The GRiT program really does have it down, which is Girls Riding Together. Girls need other girls most of the time because I think people don’t realize that mountain biking is a social sport. Cross country was one of the biggest sports on campus because it was so fun to run together and chat and hang out – and it’s the same on the bike. I think the more girls we see come into the sport, it will exponentially grow because the girls in the sport will bring more girls, and so on.
MTBK: Are female coaches a big component of this too? Realistically, will a female coach make younger girls more comfortable riding bikes together?
Hannah: I think so. I coach and some girls have specifically sought me out because I’m female. It’s harder for the high school teams because I understand that whoever is running the team – they can’t change who they are. But yeah, I think adding a woman to all the team rosters makes a huge difference. Because it’s more relatable. Girls will say more things to women.
MTBK: What’s your most memorable biking experience?
Hannah: If I had to single out one I would pick the BC Bike Race last year. It actually gives me chills just thinking about it. That is where I actually met Kaysee Armstrong. We formed a good friendship there. We camped that whole week with everyone else participating at the race.
At the BC Bike Race, you’re camping and you’re eating whatever food they have, and you’re taking care of your own bike and everything else. Everything’s not going to be perfect. And it really taught me that it doesn’t have to be perfect in order to be great. That was a huge lesson I learned and I’ve been trying to carry it with me ever since then. It just showed me what I was capable of. Because sometimes when you have a staff around you and you have managers and friends and competitors and mechanics and everything else, it feels like your only job is to race, which is great. But when all that’s taken away, you learn that you’re so much more capable than you would ever think. That’s probably my favorite part of the sport.
MTBK: Did you have any “Oh, crap” moments at the BC Bike Race that put your independence to the test?
Hannah: My hardest moment, personally and mentally during that race was on the hardest and longest stage. It actually started on a descent and as we were coming down a big fire road and there was a huge water bar in the middle. With everyone there I didn’t know it was coming until everyone in front of me disappeared down into it and then came back up the other side and I just shot off the front and actually slammed into the other side of the water bar. After that, people started descending almost on top of me, I was just curled up in a ball in the bottom of this thing. I got up and all my stuff was everywhere. It was like two yard sales. I was bleeding. I’m thinking, “I have a really long ways to go.”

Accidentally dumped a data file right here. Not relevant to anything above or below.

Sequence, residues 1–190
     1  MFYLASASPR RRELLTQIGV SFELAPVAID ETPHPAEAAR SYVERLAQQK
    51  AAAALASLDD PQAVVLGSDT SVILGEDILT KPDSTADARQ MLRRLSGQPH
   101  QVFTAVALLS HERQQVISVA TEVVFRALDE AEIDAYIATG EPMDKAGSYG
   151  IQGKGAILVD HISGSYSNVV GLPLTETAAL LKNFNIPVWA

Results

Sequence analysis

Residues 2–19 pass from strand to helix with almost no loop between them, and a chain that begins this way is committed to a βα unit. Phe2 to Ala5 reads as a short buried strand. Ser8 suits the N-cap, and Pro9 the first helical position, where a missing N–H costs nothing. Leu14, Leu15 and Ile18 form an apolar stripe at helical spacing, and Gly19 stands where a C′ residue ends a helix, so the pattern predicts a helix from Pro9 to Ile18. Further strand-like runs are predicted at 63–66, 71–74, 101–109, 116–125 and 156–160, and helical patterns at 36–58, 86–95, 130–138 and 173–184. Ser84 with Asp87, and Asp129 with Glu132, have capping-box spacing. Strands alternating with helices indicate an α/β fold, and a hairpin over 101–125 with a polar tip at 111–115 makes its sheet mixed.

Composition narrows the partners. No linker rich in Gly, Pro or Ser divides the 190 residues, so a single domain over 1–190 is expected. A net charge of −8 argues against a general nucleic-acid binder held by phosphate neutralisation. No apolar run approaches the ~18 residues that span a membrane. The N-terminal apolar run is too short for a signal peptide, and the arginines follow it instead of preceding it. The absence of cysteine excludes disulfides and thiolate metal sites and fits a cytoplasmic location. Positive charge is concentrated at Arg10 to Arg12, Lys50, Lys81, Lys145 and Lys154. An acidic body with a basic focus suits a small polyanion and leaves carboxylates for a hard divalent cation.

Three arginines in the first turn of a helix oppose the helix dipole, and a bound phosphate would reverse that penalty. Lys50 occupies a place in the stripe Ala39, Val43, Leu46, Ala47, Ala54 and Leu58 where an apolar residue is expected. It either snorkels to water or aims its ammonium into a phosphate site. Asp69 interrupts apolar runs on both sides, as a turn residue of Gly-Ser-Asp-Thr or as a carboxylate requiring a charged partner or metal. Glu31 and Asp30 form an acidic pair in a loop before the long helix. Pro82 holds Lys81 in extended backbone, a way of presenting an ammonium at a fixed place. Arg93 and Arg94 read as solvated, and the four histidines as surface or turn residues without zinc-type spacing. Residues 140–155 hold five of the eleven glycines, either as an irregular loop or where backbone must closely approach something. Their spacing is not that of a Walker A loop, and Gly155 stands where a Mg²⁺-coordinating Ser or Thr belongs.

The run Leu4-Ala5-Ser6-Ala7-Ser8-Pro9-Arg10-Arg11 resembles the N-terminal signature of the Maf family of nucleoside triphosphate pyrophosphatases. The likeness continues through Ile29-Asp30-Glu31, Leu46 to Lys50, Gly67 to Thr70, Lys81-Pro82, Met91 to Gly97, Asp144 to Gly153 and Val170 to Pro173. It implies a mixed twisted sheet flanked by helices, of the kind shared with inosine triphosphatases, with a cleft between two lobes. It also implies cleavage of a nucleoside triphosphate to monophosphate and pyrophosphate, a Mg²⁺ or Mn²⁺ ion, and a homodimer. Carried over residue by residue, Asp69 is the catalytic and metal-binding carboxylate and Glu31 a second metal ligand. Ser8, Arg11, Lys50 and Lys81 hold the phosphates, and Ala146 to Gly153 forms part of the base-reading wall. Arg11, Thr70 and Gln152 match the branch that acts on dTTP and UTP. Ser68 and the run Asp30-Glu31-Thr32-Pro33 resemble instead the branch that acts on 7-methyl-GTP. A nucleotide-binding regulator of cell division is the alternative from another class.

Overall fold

In that moment I thought I have a decision. I thought to myself, “This is a seven-day race. You’re not going to quit – you’re not going to. So, how do you want to handle it?” And I said, “I’m going to give myself 60 seconds and I can do whatever I want for the 60 seconds and then after that I’m not thinking about this again.” And everyone must have thought I was crazy. Just for the next 60 seconds I just talked a lot of crap like, “This is horrible. I’m in so much pain. Everything is terrible.” And then after 60 seconds it was just like, “Hey, I’m fine now.” You have to take advantage of those moments where you learn it, them push it away because you don’t want it to happen again.
MTBK: Where would you like to go mountain biking that you haven’t been yet?
Hannah: The answer to that question would be anywhere I haven’t been. Every time I ride a new trail I get so excited and I love travel. My goal in life is to visit at least 50 countries. So, the idea of traveling with my bike, in and of itself, is my dream. If I had to pick a place without even much knowledge, I would probably say Patagonia. I’m sure someone will say, “Why would you go there?” Honestly, I just want to go everywhere. So, it’s really hard for me to pick one location.
MTBK: Are you happy with where your fitness is right now?
Hannah: I’m really happy where my fitness is. It’s been a really exciting winter for me because I’ve gotten into new territory this winter. This is my first year entering the sport where I’m not a student as well. I graduated college in May. The preparation has been different and that has been exciting. Doing the same thing over and over again was Einstein’s definition of insanity. I’m excited to have done something different and to feel prepared.